Physical therapists in all realms of treating the musculoskeletal system use a process of differential diagnosis to determine what is causing the client’s symptoms. This means simply that the problem must be correctly diagnosed, to the exclusion of other possible diagnoses, in order to be treated effectively. This diagnostic process allows the clinician to define the problem that is being treated, and to determine the needs of the client based on his or her individual presentation. Rehabilitation professionals must also consider symptoms and clinical examination findings that point to a need for other health care providers’ involvement. In pelvic rehabilitation, this can become a challenging process. Possible musculoskeletal causes of pelvic pain include abdominal wall or pelvic floor muscle trigger points, hip joint pain, coccyx pain, and irritation of the pudendal nerve. In addition, examples of other medical conditions that can cause pelvic pain are bladder, bowel, or gynecologic malignancies, endometriosis, pelvic congestion, interstitial cystitis, urethral syndrome, constipation, inflammatory or irritable bowel syndrome. (See this article in Canadian Family Physician for more.) It is common to find multiple sources of pain in our population of clients with chronic pelvic pain.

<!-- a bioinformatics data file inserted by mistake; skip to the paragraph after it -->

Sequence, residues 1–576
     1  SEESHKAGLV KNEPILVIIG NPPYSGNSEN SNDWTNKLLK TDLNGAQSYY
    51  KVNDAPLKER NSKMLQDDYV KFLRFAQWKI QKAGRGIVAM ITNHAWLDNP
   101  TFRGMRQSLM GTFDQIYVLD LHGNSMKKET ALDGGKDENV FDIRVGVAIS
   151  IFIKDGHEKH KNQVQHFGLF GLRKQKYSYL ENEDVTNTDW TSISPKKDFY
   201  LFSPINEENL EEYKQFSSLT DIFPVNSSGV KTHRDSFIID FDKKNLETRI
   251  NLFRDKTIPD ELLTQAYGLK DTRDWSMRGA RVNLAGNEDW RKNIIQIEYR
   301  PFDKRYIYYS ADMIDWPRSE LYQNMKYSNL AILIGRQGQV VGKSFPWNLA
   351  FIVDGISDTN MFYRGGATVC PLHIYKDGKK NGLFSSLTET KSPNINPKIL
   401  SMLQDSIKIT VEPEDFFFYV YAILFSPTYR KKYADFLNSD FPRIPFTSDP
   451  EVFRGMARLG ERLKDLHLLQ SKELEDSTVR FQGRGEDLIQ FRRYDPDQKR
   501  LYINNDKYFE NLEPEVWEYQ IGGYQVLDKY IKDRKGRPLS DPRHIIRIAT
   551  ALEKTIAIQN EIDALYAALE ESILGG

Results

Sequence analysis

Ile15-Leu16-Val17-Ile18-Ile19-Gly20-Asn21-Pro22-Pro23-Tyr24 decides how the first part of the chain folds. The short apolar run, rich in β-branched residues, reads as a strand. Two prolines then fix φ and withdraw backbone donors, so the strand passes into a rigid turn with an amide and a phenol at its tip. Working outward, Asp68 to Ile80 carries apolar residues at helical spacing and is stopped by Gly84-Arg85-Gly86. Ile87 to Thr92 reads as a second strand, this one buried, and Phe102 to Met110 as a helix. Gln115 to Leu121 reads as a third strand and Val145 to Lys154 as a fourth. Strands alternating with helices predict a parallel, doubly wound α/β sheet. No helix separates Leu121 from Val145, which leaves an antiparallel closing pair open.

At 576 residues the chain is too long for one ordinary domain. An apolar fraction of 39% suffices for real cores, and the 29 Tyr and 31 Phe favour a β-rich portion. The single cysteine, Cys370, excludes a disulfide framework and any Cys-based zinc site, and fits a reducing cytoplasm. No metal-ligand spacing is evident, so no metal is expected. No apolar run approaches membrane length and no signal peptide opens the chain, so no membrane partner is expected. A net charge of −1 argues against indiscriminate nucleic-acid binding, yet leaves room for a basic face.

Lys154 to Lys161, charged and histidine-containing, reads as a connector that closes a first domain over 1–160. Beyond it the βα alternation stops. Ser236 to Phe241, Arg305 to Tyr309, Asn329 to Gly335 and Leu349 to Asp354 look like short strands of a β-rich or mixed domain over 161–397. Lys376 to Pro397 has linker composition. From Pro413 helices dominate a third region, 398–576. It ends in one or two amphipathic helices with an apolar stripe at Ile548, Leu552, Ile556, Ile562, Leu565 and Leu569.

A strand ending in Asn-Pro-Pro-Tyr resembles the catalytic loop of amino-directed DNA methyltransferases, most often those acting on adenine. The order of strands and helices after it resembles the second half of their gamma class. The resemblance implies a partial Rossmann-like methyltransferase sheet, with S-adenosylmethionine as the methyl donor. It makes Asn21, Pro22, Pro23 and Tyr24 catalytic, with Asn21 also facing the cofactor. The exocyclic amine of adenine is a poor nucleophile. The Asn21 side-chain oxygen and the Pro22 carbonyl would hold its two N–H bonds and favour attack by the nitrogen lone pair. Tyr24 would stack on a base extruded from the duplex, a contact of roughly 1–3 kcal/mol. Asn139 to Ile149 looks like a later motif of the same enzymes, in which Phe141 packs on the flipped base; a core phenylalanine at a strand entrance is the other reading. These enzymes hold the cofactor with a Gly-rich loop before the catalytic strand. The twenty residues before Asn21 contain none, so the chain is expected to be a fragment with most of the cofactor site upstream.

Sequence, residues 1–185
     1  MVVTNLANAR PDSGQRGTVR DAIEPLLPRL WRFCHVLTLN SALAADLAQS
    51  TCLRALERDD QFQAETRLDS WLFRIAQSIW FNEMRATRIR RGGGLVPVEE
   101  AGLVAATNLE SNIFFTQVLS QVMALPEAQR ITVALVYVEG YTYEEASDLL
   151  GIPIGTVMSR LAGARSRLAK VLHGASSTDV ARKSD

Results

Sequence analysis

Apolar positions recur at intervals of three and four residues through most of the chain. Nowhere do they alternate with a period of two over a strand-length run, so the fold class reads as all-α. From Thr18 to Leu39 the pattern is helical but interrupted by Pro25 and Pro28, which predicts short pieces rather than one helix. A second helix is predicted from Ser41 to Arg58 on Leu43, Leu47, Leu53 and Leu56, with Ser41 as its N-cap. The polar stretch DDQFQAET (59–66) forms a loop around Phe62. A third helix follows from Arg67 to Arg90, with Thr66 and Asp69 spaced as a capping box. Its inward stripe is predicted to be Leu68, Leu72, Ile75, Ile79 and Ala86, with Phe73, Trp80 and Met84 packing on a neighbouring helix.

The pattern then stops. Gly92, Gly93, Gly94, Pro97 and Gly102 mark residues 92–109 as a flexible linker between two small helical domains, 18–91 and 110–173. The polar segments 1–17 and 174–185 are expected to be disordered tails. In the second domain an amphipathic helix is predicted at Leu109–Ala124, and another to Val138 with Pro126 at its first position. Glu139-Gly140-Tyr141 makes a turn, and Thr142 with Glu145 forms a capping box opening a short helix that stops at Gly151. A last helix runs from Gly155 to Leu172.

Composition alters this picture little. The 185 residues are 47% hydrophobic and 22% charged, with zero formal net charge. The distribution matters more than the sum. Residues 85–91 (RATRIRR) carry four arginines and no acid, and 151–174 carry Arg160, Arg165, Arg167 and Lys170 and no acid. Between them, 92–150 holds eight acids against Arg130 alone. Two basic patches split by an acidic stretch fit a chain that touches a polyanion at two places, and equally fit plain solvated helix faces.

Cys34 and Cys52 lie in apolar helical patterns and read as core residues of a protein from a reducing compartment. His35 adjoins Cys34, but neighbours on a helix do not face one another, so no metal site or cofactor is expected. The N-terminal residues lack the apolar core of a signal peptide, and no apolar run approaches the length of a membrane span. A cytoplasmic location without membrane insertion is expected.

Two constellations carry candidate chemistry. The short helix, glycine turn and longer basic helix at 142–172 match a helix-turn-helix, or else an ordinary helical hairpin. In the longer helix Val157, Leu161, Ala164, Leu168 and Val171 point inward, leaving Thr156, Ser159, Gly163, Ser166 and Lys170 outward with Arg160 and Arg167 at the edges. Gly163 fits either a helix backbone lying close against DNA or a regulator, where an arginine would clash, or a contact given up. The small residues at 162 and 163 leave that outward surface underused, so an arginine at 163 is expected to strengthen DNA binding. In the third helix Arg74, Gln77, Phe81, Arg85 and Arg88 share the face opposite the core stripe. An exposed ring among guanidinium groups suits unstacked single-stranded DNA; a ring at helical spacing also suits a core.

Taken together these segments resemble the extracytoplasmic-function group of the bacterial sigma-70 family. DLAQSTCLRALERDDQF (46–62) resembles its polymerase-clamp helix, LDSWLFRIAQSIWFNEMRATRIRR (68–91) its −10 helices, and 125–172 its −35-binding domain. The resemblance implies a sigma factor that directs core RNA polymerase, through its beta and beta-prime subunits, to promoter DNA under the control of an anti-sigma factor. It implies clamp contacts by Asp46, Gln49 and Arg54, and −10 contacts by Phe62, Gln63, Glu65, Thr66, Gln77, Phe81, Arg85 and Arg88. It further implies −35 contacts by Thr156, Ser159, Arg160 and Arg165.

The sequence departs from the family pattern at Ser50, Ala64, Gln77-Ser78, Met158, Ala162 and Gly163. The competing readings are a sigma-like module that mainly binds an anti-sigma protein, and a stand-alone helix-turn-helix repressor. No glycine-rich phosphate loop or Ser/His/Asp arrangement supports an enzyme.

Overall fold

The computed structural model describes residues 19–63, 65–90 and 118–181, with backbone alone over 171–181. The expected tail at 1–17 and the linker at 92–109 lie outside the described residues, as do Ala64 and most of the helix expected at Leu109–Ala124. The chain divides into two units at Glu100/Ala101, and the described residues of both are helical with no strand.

Within a multidisciplinary approach, which is most often the recommended approach to treating chronic pelvic pain, physical therapy will ideally work with other practitioners to develop the best course of care for the patient.
Helping health-oriented people overcome pelvic health problems, and live the life you love!
Deborah S. Cohen
Specialist Pelvic Health Physical Therapist